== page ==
FROM STEPHANIE: They are not deaf or hearing-impaired. I'm teaching them American Sign Language because it's beneficial to their overall development. We say the word aloud in English, in Spanish, and we also sign it. They love signing and saying the words together. But some words are hard to sign and other words that they can sign are hard to actually say, like "Elephant" or "story time." They can sign such things but cannot say them completely yet. But it's amazing knowing exactly what they want, even though, with words they cannot express it yet. Sign language is such a great tool, stimulates imagination and helps children grasp that their hand is their hand, but it can also symbolize and communicate things. They're left with so many more options than simply pointing at things.

  9. I didn't get what "CK" refers to, and as for the signing I didn't know the twins were deaf. I don't recall reading about that.

    FROM SK: They are not deaf, and the "ck" sound is just the end of the word Milk. Abigail hears and can repeat the "ck" sound more readily than the "mi" part, even though she has no problem saying "more," "mine," and "mama" (her first word). Better than I was… I called milk "blulka" at her age until I was much older.

  10. OMG. YOu are in AUSTIn….That is so cool. Have a great visit. I wish I could meet you. Well, take care…. Best regards– Berta

  11. Stephanie; what a poignant beautifully expressed blog. Glad you are teaching the children to be bi-lingual and to sign. It IS amazing, isn't it? I am learning to sign a bit myself as I have an art student who is deaf. I wish I had learned it earlier.
    But it is never too late — for anything. (one of my new mantras).

  12. I think there are many many many medical and psychological resources out there available to everyone that will actually state that sign language can indeed be bad and actually unnecessary/ superfluous to childhood development in non-non-hearers.
    I'm sure you'll write something to disagree with me, but it's true. Look it up everyone.
    You would be better served to teach them a second language, but one that you speak yourself. Oh wait, do you or Phil even speak another? (besides HS level?) {here's hoping I'm not edited out….fingers crossed…}

  13. OLIVE: You clearly need to learn a new language yourself, as you haven't mastered English comprehension. If you read, you'll comprehend that Stephanie is teaching them a second language. Between English, Spanish, and ASL, I think her kids are covered for now. And considering they don't ONLY see sign language but also can sign and SPEAK the words in English and in Spanish, it's hardly detrimental to their development. And, if you do look up the benefits or disservice of sign language for hearing children, you'll see far more substantial and plentiful research to support ASL for hearing children.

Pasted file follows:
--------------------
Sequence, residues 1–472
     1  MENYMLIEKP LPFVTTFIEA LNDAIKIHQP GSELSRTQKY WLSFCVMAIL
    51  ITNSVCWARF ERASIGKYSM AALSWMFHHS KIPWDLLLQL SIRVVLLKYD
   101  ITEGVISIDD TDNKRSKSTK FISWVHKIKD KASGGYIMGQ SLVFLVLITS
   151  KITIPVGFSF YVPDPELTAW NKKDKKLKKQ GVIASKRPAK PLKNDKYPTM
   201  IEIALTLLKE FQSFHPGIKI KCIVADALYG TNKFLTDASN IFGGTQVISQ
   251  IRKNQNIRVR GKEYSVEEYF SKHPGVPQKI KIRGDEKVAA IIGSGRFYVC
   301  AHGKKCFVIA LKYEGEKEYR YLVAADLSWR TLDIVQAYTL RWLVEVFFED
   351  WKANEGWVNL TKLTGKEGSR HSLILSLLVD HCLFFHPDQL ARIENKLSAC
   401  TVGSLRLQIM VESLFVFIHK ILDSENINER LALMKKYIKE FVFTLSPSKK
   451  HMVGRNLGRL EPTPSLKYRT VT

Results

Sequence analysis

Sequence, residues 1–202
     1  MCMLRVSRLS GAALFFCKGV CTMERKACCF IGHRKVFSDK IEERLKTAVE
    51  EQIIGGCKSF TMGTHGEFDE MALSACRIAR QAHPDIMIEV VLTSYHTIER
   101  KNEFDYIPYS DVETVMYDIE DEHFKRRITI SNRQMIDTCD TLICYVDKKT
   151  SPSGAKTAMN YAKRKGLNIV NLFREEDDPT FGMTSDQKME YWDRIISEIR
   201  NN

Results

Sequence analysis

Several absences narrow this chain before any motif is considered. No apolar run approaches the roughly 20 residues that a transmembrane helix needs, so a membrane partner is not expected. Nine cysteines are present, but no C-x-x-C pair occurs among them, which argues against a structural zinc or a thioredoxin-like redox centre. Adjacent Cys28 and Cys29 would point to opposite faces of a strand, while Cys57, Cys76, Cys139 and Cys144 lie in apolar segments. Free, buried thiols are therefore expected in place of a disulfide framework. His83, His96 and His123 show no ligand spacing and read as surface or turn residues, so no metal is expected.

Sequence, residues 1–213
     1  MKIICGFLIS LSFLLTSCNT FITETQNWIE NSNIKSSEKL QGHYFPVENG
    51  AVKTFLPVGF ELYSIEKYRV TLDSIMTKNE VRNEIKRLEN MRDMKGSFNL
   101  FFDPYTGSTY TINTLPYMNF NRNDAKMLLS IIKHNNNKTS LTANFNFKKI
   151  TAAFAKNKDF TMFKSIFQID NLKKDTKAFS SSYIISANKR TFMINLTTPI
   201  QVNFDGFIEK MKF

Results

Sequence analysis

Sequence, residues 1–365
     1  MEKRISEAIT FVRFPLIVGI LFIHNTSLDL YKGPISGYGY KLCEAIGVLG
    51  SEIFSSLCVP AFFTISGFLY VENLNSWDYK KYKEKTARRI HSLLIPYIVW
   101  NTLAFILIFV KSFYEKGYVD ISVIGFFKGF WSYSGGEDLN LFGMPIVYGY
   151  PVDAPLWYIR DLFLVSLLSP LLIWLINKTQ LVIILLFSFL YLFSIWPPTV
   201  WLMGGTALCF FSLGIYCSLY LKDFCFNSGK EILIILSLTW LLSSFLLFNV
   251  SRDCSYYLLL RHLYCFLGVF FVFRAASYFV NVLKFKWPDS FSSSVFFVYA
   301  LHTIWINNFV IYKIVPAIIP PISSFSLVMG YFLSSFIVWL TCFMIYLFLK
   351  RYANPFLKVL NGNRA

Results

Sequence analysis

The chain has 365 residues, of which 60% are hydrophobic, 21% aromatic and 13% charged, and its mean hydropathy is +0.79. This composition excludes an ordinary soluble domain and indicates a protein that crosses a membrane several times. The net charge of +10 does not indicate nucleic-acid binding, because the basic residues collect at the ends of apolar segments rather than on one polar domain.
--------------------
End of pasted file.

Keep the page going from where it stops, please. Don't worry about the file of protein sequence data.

14. I didnt realize you can teach to the best effect- a 2nd/3rd language when it is not spoken at length at the house (I'm not counting lessons/ school/ teachers. I respectfully disagree vanWyck. Thanks ~ cheers!

  15. I didnt realize you can teach to the best effect- a 2nd/3rd language when it is not spoken at length at the house (I'm not counting lessons/ school/ teachers. I respectfully disagree vanWyck. Thanks ~ cheers!

  16. Fluent Spanish and English are spoken in our house daily (without lessons, school, teachers). I took Spanish all through high school and college (including poetry writing, composition, research in Spanish), and I'm learning ASL along with the kids.

    Sign Language is 'unnecessary' for 'non-non-hearers', Olive? I encourage you to do some research before spreading such completely erroneous information. It's extraordinarily beneficial to more than just a child's development and IQ. It makes them feel more involved, confident, less frustrated, and heard, even once they do have the ability to speak as well. It's another way for them to bond and learn from caregivers. ASL is a language, not just a skill. Look at Elizabeth Barrett, whose parents are speech pathologists (sign with her regularly) reading words at 13 months, reading sentences at 17 months.

    Also "research seems to indicate that hearing children who are fluent in ASL have higher IQ scores—sometimes as much as 10 points higher. An article in USA Today described a study done on hearing children who sign. They noted that “11-month-olds who learned gestures outscored their peers in language abilities a few months later, a bonus that remained in place at age 3.” The research further explained how “those same children outperformed their peers on a standard IQ test given at age 8. Indeed, the 32 children who had learned sign language as babies did an average of 12 points better on the IQ test. They scored an average of 114, while the 37 children who had never learned signs averaged 102. The researchers controlled for family income, education and other factors that influence IQ scores. The average child in the USA gets a 100 on the test."

    Considering that my children sign along with saying the word aloud, I'd love to see all this negative research you seem to have discovered about how unnecessary/superfluous and detrimental it is to a child's development. It doesn't delay speech.